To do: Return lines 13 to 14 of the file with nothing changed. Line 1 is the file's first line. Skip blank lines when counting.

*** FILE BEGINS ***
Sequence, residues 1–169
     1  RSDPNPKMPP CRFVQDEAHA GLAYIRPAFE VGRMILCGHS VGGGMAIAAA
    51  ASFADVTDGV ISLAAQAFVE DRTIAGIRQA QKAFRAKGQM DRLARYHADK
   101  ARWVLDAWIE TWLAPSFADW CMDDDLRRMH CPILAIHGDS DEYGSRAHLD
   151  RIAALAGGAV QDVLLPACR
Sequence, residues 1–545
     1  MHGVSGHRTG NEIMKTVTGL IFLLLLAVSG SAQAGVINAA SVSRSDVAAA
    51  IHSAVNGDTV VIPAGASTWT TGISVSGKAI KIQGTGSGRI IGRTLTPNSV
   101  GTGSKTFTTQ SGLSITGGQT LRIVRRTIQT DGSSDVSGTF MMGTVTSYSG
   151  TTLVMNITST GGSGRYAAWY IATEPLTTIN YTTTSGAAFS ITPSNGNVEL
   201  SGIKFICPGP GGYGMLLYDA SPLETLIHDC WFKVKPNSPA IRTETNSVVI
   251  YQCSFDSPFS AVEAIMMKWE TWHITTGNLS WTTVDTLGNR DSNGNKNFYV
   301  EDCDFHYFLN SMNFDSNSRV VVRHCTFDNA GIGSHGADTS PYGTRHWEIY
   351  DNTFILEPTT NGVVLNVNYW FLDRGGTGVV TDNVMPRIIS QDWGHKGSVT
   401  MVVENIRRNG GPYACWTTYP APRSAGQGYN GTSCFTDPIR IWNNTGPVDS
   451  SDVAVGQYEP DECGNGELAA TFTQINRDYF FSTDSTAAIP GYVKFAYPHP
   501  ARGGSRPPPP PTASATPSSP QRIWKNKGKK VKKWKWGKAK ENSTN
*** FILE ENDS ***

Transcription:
   301  EDCDFHYFLN SMNFDSNSRV VVRHCTFDNA GIGSHGADTS PYGTRHWEIY
   351  DNTFILEPTT NGVVLNVNYW FLDRGGTGVV TDNVMPRIIS QDWGHKGSVT